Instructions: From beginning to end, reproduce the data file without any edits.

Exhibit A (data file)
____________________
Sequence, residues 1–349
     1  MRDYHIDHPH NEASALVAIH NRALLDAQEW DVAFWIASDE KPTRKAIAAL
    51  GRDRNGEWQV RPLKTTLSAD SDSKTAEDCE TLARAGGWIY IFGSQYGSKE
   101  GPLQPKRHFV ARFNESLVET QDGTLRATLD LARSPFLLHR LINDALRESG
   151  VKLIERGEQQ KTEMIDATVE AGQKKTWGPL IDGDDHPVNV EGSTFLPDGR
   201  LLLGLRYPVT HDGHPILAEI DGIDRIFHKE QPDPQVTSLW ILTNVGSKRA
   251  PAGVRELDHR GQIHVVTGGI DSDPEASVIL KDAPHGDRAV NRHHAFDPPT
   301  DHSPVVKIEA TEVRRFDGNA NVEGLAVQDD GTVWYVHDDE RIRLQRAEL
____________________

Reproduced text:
Sequence, residues 1–349
     1  MRDYHIDHPH NEASALVAIH NRALLDAQEW DVAFWIASDE KPTRKAIAAL
    51  GRDRNGEWQV RPLKTTLSAD SDSKTAEDCE TLARAGGWIY IFGSQYGSKE
   101  GPLQPKRHFV ARFNESLVET QDGTLRATLD LARSPFLLHR LINDALRESG
   151  VKLIERGEQQ KTEMIDATVE AGQKKTWGPL IDGDDHPVNV EGSTFLPDGR
   201  LLLGLRYPVT HDGHPILAEI DGIDRIFHKE QPDPQVTSLW ILTNVGSKRA
   251  PAGVRELDHR GQIHVVTGGI DSDPEASVIL KDAPHGDRAV NRHHAFDPPT
   301  DHSPVVKIEA TEVRRFDGNA NVEGLAVQDD GTVWYVHDDE RIRLQRAEL